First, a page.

Well I wouldn't really expect my opinion to be particularly popular on /pss/ board let alone an alternative image board but I'm mostly just indifferent to social media. And I've had and have 'online friends' too and some of them have been pretty important to me especially the ones I've met up with and formed lasting friendships with. But meeting any of them in person definitely 'grew' the relationship and added something that wasn't previously there, even if the majority of our interaction continues to be online. There are other problems with online relationships as well in that without body language, personal experiences et al there is a definite lack of 'realness' to a given relationship and I think it can safely be said that if such interactions predominate a persons socialisation then they're probably not experiencing a healthy social life and probably have some sort(s) of social issues (ASD, aspergers, etc.)

>I think everything we do is learned: if you never learned how to effectively socialize IRL, and you're too embarrassed to fumble in public, social media is a better option than never learning at all.

Nature and nurture and all that, but a person with poor social skills would have had to learn to adapt in order to be successful socially. In these cases it can be argued that a minority of the population are capable of not making this developmental step because of the convenience of social media, internet etc.

>I think you have that backwards: it already was a less physical social community, the success of facebook is proof of that.

This is senseless. The only thing this is proof of is that Facebook and the concepts of social media are clearly appealing to most people for whatever reason and that's likely convenience. And convenience + habit should never be taken as an indication that something is beneficial since it often means the opposite, ie. Western obesity epidemic: we unconsciously enjoy and desire so many foods that are so terrible for us because in a state of less abundance they would have been a luxury that could mean life or death - but these days its just convenient to eat what you f…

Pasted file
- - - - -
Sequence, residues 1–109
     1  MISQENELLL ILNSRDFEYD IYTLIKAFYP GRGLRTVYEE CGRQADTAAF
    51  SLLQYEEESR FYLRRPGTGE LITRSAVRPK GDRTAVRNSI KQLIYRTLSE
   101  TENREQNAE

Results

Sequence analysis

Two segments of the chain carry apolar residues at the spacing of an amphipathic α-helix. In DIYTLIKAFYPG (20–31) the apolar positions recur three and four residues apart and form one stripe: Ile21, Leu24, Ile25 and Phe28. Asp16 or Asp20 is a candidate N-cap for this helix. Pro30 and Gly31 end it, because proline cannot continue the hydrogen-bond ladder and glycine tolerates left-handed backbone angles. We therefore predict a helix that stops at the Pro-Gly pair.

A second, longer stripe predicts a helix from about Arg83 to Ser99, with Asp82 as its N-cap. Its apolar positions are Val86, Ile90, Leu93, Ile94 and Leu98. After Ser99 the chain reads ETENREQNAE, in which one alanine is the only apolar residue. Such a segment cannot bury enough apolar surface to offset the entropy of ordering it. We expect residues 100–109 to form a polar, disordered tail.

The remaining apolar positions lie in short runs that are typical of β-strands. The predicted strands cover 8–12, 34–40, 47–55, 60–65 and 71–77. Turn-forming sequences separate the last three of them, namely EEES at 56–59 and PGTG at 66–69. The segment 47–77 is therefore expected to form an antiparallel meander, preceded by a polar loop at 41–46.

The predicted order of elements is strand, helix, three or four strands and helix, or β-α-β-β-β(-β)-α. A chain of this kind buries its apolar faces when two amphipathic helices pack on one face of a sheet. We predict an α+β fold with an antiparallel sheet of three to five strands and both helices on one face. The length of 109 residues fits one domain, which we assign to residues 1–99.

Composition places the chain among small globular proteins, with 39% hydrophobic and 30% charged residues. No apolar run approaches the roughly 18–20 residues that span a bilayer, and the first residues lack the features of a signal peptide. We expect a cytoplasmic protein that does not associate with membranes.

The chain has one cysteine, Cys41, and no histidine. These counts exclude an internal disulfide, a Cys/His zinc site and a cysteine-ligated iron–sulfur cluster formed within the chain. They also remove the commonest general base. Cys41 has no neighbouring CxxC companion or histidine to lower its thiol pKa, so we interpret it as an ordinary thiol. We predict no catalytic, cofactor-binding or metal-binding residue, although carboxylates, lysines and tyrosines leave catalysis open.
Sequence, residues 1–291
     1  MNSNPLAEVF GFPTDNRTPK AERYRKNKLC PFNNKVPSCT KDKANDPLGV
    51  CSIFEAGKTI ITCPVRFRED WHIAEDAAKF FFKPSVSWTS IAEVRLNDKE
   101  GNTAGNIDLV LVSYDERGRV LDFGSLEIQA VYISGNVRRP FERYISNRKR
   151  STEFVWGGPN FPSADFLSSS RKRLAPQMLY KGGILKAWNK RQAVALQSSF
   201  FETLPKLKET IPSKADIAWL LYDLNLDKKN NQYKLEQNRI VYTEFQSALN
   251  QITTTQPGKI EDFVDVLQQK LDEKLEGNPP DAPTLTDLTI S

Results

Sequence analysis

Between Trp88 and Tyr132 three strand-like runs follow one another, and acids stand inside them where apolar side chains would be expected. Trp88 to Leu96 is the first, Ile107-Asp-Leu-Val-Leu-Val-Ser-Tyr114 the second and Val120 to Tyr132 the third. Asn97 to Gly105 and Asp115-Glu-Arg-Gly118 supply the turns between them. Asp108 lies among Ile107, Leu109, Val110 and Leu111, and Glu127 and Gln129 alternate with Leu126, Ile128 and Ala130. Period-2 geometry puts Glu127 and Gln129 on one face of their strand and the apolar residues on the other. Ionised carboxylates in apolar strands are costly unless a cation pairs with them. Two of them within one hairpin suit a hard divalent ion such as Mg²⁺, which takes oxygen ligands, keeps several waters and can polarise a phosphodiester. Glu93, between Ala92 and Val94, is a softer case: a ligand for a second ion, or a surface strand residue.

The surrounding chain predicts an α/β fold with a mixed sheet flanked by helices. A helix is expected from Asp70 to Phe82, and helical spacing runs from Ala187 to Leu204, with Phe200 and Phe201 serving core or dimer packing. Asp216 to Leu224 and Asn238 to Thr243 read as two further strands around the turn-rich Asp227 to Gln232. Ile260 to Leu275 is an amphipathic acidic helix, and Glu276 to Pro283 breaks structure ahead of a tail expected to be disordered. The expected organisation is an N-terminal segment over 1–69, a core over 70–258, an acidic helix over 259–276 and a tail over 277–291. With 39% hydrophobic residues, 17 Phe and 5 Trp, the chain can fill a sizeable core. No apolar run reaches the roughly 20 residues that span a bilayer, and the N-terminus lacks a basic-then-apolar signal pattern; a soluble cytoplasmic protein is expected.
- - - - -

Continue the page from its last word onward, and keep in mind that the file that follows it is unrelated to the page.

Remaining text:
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Trainwreak - Fri, 08 May 2015 01:09:00 EST ID:GMzEIJjU No.200509 Ignore Report Quick Reply
We're a social species and we enjoy getting constant positive reinforcement from others. When you have a lot of followers on twitter or instagram and you get a bunch of likes/favorites on something, it makes you feel significant and that others like you. It also allows people who don't have many friends in real life to feel like they actually matter because they can sit at home on their computer and get constant reinforcement from others.
Shit Drungerville - Fri, 08 May 2015 04:25:36 EST ID:hdoFWG50 No.200511 Ignore Report Quick Reply
>a person with poor social skills would have had to learn to adapt in order to be successful socially

Or just give up on being socially successful and not adapt at all. In these cases social media is very useful, and for the people that need to learn the most. Why not have them grow, instead of wallowing in desperation?

You see social media as a substitute, I see it as a first step. After they get a little capable there, after they see that there actually can exist people who like them, or respect them, at least virtually, maybe they'll build enough confidence to start to socially adapt better IRL too. And without social media maybe they never would have gotten there.
I mean think about this: without social media, two people with these difficulties could never have met in the past, because they wouldn't have had any way or courage to meet each other. Now new possibilities of love open up.

>in which case social media gives people the flexibility to socialise when they want to and again its the whole convenience thing.

Which I see nothing wrong with. If anything, busy people are less isolated this way.

Again, just like with fatty food, social media is an auxiliary part, and meant to be used as such, it can't substitute your whole social diet. Some people misuse it like that, but that's their mistake, convenience has no fault, nor does habit.

Im surrounded by retards by Reuben Gendertin - Tue, 05 May 2015 16:17:42 EST ID:/sB4Jsus No.200465 Ignore Report Reply Quick Reply
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Guys I live in upstate NY like the rural 315 shit and people here are so fucked in the head it scares me. Every here is an illiterate retard and every single person I met either goes through "special programs" or gets welfare/ssi/whatever.